Morton, Halladay, Burnett, Garland, and Dempster throw changeups.  Halladay's is mixed up in what's listed as his slider, so I can't get a great read on it, but it looks about 85 MPH.  Let's look at the rest by comparing the change to the fastball.




% Thrown


























Charlie's pitch f/x is a little messed up.  Sliders are included in his changeup so I did my best to filter it out the movement and guess the % thrown, but I didn't do the velocity.  Negative horizontal is on righties, negative vertical is down, and negative speed is how much slower the change is.

The difference between the change and fastball is really what matters.  Out all pitch, this is the easiest straight comparison to the fastball since changeups are supposed to look exactly like fastballs leaving the hand, but make the hitter look stupid when he swings too early.

Charlie and Garland throw nice changeups.  Some movement and good speed difference.  Burnett's looks like a circle change with all the movement and its speed difference is good enough.  He doesn't need it much since his curveball is so devastating.  Three good changeups.  Dempster's got the worst change here, but the movement makes up for it some.  Probably average.

Charlie's sliders mixed in his pitch f/x are a little faster than his change, so the speed difference in his changeup should be even better.  In that case, Morton's changeup is better than Garland's.  It's maybe got a speed difference of 11 MPH.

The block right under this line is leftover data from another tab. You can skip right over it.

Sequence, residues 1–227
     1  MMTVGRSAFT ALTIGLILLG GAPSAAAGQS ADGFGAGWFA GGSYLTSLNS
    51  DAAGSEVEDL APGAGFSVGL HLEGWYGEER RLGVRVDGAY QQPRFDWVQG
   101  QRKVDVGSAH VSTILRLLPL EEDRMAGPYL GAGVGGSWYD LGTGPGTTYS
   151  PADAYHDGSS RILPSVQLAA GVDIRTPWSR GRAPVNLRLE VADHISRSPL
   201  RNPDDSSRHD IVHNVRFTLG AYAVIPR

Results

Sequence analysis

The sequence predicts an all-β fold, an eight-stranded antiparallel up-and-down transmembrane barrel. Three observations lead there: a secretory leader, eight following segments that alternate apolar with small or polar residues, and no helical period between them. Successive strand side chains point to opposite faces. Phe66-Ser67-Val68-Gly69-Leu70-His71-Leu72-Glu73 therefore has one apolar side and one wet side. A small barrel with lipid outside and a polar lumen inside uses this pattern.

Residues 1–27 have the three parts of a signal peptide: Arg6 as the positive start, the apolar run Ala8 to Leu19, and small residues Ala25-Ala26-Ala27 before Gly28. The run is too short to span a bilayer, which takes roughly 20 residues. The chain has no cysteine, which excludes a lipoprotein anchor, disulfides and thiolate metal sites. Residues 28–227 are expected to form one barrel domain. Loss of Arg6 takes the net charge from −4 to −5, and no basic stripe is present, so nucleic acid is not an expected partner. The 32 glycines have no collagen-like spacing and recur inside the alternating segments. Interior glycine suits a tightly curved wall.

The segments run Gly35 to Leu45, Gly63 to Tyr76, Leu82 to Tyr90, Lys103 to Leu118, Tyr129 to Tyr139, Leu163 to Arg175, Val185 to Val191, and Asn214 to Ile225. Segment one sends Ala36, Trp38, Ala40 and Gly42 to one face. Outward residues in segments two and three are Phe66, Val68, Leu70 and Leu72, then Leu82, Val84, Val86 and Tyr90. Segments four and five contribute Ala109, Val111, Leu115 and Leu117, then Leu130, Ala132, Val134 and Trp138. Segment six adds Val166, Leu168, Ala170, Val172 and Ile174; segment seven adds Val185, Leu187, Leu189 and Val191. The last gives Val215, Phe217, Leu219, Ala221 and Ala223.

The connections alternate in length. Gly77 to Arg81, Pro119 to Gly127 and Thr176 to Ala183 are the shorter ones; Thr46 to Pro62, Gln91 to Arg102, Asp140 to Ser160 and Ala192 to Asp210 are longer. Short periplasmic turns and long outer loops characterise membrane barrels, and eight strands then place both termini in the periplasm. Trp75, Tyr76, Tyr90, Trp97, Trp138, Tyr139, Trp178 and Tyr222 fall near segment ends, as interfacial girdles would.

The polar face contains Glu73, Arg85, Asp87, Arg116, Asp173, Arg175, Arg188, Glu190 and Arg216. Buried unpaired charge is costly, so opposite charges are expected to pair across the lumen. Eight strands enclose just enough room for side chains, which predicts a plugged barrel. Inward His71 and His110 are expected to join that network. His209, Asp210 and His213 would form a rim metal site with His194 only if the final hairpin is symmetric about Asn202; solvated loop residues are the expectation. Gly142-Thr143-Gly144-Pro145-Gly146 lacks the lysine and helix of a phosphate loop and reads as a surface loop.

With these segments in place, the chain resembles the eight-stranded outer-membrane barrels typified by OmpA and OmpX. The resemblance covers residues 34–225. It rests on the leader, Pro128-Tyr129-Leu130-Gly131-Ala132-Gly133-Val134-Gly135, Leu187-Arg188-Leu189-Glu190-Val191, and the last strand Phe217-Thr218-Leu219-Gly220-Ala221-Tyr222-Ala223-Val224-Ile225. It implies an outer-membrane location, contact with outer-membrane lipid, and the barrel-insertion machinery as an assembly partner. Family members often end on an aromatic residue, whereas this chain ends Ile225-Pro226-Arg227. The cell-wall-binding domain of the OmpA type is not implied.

Charlie's other group of "changeups" is a slider.  Halladay also throws one along with Garland, Dempster, Lowe, and Harang (did you forget about him?).

Charlie throws 84 or 85 slider and it looks pretty good.  The data on it I had to estimate from the graph, and we'll take a closer look.

Halladay's slider data mixes in a lot of other pitches.  Some sliders are curveballs.  Some are changeups.  Others are cutters.  The fastball is in there too.  The biggest green blotch in the middle is definitely a mix of fastballs next to cutters next to sliders.  Estimating, I'd say low 90's cutter and a 87-89 slider.  Yeah, his stuff is good.  The blotch on the right contains slurves and the green points inside the sinker are changeups.

Fastball/slider comp:




% Thrown






























Left out Halladay cause of the crappy data and Lowe's slider is compared to his sinker.  A good slider's speed is closer to the fastball and the horizontal movement is more important than vertical.

Garland's is very average.  Harang's slider was better.  It had more velocity last year.  Movement was a little different too.  He's throwing it less now too.  It really explains his struggles.  Dempster and Lowe have good sliders.  Morton's slider is nice too.  A lot of horizontal and the fact that his fastball cuts in on righties emphasizes the difference in movement between the two pitches.  I wish I had better data on Charlier's slider, but it looks like a good pitch.

I'd say Lowe throws the best one slider (other than Halladay) with Dempster or Charlie second.  Charlie's got the advantage in horizontal movement, but Dempster's is slightly faster and the low vertical is interesting, but I don't really know how much weight to give it.  Harang's would be good if he still had the old one.